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Clearly, it is blind approval of the lottery that has made the lottery part and parcel of the villagers’ lives and perpetuates annual murders in the form of ritual performances in the small town. People are often intrinsically resistant to change and have become so submissive to their traditions that they fear a relapse into primordial times upon the stoppage of the lottery.
The lottery has transformed the villagers into inhumane creatures that they find it normal to kill so as to satisfy the demands of tradition. Sadly, none of the villagers can give a substantial reason for holding the lottery and having to kill someone whenever they are called upon. This clearly exposes the unconscious self that is driven by the power of tradition rather than the reasoning mind.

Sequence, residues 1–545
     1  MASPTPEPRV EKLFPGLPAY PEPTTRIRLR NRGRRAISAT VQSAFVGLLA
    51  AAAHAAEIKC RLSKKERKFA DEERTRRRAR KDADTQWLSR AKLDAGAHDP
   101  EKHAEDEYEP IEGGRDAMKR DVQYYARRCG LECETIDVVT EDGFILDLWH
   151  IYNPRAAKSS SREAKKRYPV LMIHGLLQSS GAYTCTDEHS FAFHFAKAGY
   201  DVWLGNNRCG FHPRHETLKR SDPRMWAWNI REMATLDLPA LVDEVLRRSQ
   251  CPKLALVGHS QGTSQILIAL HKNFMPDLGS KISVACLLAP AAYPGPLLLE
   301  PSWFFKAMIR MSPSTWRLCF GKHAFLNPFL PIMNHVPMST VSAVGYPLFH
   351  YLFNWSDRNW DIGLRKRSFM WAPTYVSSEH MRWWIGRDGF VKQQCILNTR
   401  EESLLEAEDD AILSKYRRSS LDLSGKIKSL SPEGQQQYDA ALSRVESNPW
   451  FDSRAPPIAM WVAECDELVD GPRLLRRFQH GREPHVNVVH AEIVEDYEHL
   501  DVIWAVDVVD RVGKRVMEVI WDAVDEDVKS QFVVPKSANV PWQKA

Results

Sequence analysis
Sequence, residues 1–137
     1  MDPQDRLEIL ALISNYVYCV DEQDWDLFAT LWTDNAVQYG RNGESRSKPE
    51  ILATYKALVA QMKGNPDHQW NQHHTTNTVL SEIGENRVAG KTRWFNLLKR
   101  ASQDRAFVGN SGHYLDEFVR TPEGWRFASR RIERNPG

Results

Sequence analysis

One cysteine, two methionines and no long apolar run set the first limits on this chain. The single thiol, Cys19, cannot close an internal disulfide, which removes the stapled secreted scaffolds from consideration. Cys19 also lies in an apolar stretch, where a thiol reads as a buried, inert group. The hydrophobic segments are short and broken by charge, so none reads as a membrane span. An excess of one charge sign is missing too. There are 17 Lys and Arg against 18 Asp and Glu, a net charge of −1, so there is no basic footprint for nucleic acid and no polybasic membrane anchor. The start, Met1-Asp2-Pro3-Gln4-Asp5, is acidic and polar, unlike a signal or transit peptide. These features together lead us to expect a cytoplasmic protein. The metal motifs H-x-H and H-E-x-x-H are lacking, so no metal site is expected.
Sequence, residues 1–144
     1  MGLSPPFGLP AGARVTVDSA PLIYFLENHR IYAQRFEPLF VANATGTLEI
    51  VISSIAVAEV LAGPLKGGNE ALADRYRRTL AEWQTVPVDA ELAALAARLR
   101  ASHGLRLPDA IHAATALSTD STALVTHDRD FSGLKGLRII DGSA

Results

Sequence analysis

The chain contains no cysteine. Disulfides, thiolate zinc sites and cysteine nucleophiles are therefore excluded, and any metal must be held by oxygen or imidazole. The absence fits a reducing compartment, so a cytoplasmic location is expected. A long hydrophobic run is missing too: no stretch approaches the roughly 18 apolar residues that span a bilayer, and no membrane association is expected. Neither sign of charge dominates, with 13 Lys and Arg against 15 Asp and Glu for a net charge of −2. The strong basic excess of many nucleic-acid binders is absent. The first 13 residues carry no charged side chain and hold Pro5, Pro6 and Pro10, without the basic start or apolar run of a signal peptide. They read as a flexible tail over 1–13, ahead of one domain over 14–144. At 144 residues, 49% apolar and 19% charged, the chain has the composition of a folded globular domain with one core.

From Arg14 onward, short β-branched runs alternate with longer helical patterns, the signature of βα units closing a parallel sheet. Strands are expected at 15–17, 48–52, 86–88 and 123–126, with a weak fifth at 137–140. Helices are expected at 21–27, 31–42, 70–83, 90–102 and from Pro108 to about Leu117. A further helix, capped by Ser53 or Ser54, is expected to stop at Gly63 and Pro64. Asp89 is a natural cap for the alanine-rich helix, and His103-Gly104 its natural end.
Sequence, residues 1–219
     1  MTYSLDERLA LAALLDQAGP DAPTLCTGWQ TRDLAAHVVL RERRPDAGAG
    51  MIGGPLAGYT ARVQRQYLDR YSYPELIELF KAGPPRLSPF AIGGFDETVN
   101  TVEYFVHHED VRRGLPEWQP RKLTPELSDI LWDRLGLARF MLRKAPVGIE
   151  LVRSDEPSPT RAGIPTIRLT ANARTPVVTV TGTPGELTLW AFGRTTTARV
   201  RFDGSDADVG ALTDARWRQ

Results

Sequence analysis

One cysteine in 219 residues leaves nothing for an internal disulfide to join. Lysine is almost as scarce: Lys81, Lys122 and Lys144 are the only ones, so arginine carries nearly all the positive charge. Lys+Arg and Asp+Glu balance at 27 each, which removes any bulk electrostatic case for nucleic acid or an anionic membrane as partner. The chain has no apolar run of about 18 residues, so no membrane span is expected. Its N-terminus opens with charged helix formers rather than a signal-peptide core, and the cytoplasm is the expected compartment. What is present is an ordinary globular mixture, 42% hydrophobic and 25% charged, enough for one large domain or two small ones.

Suppose the killers would take even a minute to challenge their action perhaps no more deaths in the lottery would be experienced, but no one seems to dare questioning the tradition. To them it seems like their reason for living. Jacksons impugns the villagers’ reverence for this odd tradition by arguing that the villagers are even oblivious of the origin of the ritual that they hold so
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